Our $1M donation to the United Way of Santa Clara County
In May 1999, Silicon Valley faced the biggest charitable crisis in the over 20 years that I've lived here: an $11M shortfall at the United Way of Santa Clara County. This financial crisis jeopardized the funding of over 100 local social service agencies.
We've never really given much to United Way because our philosophy is to give to causes such as education that can help prevent these problems from happening in the first place. However, because this was by far the biggest crisis in our community in the past 20 years, we took the opportunity to make a $1M donation to help reduce the financial deficit and to set an example that we hoped other wealthy individuals in Silicon Valley would follow.
We did not make the donation immediately upon reading of the crisis on May 1 on the front page of the San Jose Mercury News. We didn't think our donation would be necessary. We thought people who already were United Way donors would respond to the crisis and quickly flood the United Way with donations and support. Surely with all the wealth in this valley, we thought the problem would quickly be solved and maybe even by a single donor. A few of people in this valley can write an $11M check and not even notice the money was missing. And a lot more can write a $1M check and not notice it.
After almost 2 weeks went by and nothing happened, we realized that if something was going to happen, it would have happened already. And it was clear that if the money were to be raised quickly it must be raised in large chunks. So on May 13, we announced our $1M donation hoping that others would follow our lead.
I sent e-mails urging over 65 of my wealthy colleagues in Silicon Valley to help out. Only TWO other individuals came through with gifts of $1M or more from either their personal foundations or from their own pocketbook: Gordon and Betty Moore at $1M (via a personal check), and Bill Gates at $5M (via the William and Melinda Gates Foundation). And Bill doesn't even live here! The remainder came from non personal sources (corporations and other foundations): eBay Foundation ($1M), Hewlett Packard Company Foundation ($1M), Packard Foundation ($2M), Intel Foundation ($1M), Peninsula Community Foundation ($1.2M), and the Health Trust Fund ($1M).
Bill Krause wrote:
That's a perfectly reasonable response. We had the same problems. United Way was not a focus area for us. And we have an annual budget and allocations so an unplanned donation dips into our cash reserve. This was not a problem in our case because our foundation's endowment is big enough to absorb such an unplanned gift. Many others are not as large.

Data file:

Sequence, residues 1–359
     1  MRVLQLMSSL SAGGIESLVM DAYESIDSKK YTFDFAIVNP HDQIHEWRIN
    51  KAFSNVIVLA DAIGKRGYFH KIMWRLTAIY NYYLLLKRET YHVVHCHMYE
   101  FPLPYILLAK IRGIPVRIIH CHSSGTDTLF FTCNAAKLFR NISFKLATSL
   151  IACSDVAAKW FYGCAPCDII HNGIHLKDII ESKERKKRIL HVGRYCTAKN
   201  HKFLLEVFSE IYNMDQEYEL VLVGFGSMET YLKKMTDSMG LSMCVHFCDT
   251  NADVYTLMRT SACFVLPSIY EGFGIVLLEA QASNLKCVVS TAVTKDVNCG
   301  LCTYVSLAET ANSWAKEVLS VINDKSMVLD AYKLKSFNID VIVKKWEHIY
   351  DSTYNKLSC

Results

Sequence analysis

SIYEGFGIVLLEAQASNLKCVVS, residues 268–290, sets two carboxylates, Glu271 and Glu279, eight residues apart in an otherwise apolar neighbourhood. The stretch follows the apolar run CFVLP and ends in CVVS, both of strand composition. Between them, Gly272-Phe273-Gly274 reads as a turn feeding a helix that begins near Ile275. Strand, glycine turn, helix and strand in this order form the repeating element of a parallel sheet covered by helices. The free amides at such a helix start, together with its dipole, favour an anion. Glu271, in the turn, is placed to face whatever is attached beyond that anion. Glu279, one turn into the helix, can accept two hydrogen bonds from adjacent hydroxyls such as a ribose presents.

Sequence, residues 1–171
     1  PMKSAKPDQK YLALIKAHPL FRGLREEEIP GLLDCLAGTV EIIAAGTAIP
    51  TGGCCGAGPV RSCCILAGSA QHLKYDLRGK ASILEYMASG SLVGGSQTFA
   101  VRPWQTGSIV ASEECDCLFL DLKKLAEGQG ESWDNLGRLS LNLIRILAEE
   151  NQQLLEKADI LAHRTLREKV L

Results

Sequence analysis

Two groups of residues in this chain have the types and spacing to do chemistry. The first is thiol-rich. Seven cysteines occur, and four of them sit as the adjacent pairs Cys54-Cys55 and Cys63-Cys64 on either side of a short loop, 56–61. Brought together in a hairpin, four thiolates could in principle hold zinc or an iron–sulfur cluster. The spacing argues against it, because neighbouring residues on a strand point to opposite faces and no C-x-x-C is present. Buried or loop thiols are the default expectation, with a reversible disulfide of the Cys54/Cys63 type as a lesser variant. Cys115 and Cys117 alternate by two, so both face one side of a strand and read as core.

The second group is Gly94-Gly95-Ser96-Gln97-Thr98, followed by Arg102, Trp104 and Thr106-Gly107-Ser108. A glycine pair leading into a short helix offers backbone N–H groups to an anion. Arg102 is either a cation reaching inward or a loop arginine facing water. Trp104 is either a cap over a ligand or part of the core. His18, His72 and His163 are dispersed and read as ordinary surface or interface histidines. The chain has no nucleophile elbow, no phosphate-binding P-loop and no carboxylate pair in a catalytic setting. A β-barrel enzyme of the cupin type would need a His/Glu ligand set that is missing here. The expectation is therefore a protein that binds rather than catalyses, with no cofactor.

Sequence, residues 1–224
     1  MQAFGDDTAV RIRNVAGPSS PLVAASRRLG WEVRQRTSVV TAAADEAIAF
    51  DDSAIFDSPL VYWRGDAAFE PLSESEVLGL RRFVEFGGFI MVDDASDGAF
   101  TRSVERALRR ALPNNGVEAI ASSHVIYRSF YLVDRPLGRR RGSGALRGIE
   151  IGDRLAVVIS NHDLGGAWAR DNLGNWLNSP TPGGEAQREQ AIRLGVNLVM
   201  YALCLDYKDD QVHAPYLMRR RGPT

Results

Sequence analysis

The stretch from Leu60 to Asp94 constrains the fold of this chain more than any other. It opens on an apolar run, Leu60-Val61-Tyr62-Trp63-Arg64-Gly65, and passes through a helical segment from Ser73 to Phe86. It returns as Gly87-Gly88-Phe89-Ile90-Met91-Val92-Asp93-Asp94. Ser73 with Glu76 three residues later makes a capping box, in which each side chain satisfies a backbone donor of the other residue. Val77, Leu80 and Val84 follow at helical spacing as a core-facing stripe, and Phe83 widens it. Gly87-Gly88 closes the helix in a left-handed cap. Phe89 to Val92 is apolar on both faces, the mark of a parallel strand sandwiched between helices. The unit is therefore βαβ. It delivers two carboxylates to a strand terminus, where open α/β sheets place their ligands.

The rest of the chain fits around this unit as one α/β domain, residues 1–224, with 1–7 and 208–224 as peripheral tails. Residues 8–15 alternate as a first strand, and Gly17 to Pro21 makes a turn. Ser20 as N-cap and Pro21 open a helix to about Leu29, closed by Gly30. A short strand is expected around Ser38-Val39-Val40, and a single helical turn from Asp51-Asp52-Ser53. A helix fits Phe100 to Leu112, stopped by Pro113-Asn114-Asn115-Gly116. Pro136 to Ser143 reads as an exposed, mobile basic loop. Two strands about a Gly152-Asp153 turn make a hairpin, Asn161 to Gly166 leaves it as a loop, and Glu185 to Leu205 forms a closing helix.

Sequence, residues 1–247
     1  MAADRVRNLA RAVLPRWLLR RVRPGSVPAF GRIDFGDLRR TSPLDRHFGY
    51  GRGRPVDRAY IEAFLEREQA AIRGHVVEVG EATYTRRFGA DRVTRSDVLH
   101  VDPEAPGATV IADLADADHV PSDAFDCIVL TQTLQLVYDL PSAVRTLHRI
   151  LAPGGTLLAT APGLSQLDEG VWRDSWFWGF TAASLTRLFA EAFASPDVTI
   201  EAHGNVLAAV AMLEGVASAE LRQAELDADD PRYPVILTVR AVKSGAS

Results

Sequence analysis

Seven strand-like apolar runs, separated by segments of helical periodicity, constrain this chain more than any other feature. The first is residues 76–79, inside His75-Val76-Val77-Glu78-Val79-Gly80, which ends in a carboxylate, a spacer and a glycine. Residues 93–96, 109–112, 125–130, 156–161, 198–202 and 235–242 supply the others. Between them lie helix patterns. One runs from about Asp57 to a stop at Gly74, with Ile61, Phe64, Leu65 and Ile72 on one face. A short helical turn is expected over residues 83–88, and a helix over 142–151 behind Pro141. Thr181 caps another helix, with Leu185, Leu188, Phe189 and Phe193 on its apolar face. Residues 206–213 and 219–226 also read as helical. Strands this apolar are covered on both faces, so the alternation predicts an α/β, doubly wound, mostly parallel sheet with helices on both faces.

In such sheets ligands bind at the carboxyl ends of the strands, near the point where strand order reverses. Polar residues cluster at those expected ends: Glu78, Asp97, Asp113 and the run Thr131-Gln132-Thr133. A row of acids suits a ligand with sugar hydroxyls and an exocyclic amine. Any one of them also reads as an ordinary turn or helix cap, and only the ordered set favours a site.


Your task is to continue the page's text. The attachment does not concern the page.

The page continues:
So I had expected to have received responses like Bill's from other CEOs. Unfortunately, Bill and Ann Bowers were the only people to give a good reason for not participating (Ann's funds were already committed for the year).
I did receive responses (via their admins) from two valley billionaires that said "he asked me to pass along to you that he'll be unable to join in this donation with you at this time."
Another mega-millionaire CEO said, "Thanks for the note, but unfortunately I'm not "liquid" enough at this time to participate. With some luck, I will be within a year or so..." After I pointed out to him that he can make the donation at any time because stock donations are not subject to lockup, he wrote back:
One wealthy CEO said that his corporation had already made a large donation. One VC said he wasn't worth enough to join the $1M club yet. Another VC family, Pitch and Catherine Johnson, donated $100K. Many other smaller gifts came in as a result of the example set by the $1M donors.
The anemic response to the United Way crisis made it painfully obvious to us and to others in the valley that we have a major problem here that so many people with the means wouldn't help out their own community in a time of crisis. And it wasn't because of a lack of confidence in the United Way either; we donated to a special "Emergency Fund" that went directly to the affected charities, bypassing any controversy associated with the management of the United Way of Santa Clara.
So there was simply no convenient excuse for not making a donation to help out the community in a time of crisis. If anything, it underscored the results of a recent study on giving in Silicon Valley commissioned by the Community Foundation of Silicon Valley which found that:
The San Jose Mercury News wrote:
I sent Bill a note to thank him for his $5M donation to help our local United Way. Here is his response:
He's absolutely right! There is a real shortage of philanthropists in Silicon Valley. So were helping to recruit more philanthropists into the fold through our work with SV2, press interviews, events at our home, and talks that we give.